are there supplements that you recommend for dogs?

Two of my favorite stand-bys are digestive enzymes and probiotics. I can safely say that all animals eating dry or canned foods exclusively need these to help break down the food and absorb nutrients. Most animals, especially elderly and rescued animals, really benefit from these two supplements. Animals eating raw foods get live enzymes from their fresh food. Enzymes are destroyed in the cooking process. Any dog who has been on antibiotics and medications needs probiotics to help rebuild good, healthy gut bacteria that is essential for absorption of nutrients and a healthy immune system. Some dogs need to be on these all the time, others during times of stress.

are there factors to consider in regard to feeding your pet?

Yes, each animal must be understood as an individual and fed according to their needs.

do you find that most pet parents feed their dogs/pets kibble and canned foods or does it vary?

Yes, most do simply because they and their veterinarians are uninformed about what dogs & cats need to eat to stay healthy. I often learn that prescription diets are fed for too long and never reevaluated. As I said above, dry food is not okay by itself. Would you want to eat dry cereal every day? Would that be good for you? Well it isn’t for most dogs either.

do most dogs love peanut butter, bacon, cheese? 

It seems so. I believe that they are attracted to the fat and salt in these foods.

what is the weirdest food a dog you have spoken to liked? 

Oh my. There have been too many to list. Dogs are part of Nature’s cleanup crew, so they will try almost anything!

are dogs carnivores?

Yes, dogs are carnivores. All you have to do is look at their teeth to see this. They are almost omnivores, but again, their teeth put them plainly in the carnivore crew.

does that mean a raw diet of meat is best ?

a raw BALANCED diet with muscle, organ, connective tissue, blood, and VERY importantly bone is best for SOME dogs. The key to a balanced raw diet is to “build a bird or mammal.” Many people think mixing up a batch of ground meat, chopped veggies and a little cottage cheese is fine, but it is not balanced.  A raw or cooked homemade diet MUST be balanced correctly or it will cause dangerous deficiencies in the dog or cat. There are a few excellent supplements that can be added to a homemade diet if you can’t grind up bone and know you have the right amounts of proper vitamins and minerals.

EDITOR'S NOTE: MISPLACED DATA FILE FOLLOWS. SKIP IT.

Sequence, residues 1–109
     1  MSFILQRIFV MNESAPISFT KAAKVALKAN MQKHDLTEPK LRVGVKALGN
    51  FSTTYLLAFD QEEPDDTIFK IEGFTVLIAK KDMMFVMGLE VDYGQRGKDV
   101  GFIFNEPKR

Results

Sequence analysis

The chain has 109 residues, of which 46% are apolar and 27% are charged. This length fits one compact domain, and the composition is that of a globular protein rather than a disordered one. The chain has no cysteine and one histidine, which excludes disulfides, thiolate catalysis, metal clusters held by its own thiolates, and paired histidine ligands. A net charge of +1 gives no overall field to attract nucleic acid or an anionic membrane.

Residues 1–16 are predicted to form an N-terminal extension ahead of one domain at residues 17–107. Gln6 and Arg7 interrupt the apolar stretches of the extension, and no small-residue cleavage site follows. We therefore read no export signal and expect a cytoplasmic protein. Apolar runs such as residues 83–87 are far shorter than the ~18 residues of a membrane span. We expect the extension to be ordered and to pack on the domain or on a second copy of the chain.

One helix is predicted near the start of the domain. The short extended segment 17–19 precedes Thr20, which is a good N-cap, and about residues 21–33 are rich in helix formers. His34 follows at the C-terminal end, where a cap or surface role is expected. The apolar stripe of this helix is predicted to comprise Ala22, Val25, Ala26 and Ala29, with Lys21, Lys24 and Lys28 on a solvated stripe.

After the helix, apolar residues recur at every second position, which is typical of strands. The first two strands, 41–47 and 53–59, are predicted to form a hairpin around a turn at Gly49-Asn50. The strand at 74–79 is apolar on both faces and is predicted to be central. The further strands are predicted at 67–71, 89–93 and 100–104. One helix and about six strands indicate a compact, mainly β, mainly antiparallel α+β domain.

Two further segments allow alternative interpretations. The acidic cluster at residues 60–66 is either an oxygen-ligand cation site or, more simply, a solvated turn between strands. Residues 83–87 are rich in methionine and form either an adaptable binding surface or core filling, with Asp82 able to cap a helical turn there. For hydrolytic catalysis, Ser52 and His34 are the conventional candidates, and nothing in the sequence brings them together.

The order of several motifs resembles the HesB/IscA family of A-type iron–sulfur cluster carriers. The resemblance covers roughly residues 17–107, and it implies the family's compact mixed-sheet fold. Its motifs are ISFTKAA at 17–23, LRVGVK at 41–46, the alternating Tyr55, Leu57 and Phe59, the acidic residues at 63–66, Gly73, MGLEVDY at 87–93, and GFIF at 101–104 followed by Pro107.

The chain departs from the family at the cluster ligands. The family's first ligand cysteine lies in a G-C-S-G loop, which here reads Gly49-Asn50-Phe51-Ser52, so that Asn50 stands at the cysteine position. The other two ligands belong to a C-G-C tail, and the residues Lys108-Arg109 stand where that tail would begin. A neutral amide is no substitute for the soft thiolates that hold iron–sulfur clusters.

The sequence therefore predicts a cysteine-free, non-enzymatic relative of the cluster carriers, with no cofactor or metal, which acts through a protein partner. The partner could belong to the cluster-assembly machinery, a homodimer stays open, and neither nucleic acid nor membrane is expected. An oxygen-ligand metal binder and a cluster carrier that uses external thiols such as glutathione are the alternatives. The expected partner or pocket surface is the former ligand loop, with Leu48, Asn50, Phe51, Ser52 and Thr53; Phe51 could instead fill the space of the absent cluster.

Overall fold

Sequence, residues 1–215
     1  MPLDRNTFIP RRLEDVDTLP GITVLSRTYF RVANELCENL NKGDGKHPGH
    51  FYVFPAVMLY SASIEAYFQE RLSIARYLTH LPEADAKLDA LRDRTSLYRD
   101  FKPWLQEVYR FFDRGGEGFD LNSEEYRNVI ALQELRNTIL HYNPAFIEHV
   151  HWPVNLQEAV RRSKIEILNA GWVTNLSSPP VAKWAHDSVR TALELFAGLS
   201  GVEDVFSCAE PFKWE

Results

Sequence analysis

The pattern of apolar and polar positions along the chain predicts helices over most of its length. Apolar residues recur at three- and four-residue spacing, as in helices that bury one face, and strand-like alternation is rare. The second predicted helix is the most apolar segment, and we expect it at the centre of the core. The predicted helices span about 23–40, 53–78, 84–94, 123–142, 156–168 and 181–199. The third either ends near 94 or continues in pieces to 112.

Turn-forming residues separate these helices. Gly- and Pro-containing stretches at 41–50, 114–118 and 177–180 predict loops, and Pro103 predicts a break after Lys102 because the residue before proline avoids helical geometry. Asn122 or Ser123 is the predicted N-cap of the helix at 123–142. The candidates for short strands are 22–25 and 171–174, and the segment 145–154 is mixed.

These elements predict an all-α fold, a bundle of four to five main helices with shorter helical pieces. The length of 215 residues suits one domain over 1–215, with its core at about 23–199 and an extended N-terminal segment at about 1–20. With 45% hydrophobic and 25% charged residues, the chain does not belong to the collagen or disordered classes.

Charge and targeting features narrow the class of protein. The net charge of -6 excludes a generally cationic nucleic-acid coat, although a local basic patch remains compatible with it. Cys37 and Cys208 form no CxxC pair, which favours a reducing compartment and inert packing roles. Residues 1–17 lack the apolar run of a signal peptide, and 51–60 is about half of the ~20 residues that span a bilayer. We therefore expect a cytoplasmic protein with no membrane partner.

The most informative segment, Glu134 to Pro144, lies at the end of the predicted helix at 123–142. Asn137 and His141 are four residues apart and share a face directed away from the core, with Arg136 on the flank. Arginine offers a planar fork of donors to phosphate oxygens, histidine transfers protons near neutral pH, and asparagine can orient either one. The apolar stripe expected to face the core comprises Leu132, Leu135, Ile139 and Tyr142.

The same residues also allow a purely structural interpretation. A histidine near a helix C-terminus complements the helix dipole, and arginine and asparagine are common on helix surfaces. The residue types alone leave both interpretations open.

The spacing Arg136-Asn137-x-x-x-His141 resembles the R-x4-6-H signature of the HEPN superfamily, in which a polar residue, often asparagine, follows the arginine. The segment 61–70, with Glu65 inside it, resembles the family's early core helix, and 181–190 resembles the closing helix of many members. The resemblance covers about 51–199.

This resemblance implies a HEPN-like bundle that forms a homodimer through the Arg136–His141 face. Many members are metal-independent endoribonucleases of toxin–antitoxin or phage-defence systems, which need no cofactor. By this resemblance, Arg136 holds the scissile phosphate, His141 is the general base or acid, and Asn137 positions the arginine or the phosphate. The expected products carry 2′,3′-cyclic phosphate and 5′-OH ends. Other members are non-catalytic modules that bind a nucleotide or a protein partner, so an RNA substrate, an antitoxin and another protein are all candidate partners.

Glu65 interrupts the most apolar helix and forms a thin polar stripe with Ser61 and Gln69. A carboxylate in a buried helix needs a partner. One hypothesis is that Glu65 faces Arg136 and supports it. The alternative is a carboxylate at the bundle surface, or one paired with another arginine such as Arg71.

should dogs eat grains or a grain-free diet?

Again, this depends on the dog.

is a grain free diet healthy for dogs?

For most dogs, grain-free is best. But others do better with some cooked grains in their diet. I usually prefer quinoa over most other grains. Rice is beneficial when there are digestive issues, but not necessary once the digestive tract returns to normal.

is there a flea free diet? itch free diet?  a diet that repels fleas, ticks and other bugs? 

I am not aware of a “diet” per se, but adding a small amount of garlic and nutritional yeast is often a very helpful flea and tick deterrent. As for itching, there are many causes of that. One simple thing to give to see if it helps is the right essential fatty acids. This would be fats from meats, fish (salmon, trout, sardines) or fish oils or other marine lipid oils. Some dogs do well with coconut oil. Be careful. Many fish oils, especially the generic and inexpensive ones, can be rancid and unhealthy for your companion. I have done a lot of research on the subject and recommend a specific, sustainably grown and harvested marine lipid supplement. It is the cleanest source I know of and has more anti-inflammatory properties than fish oil.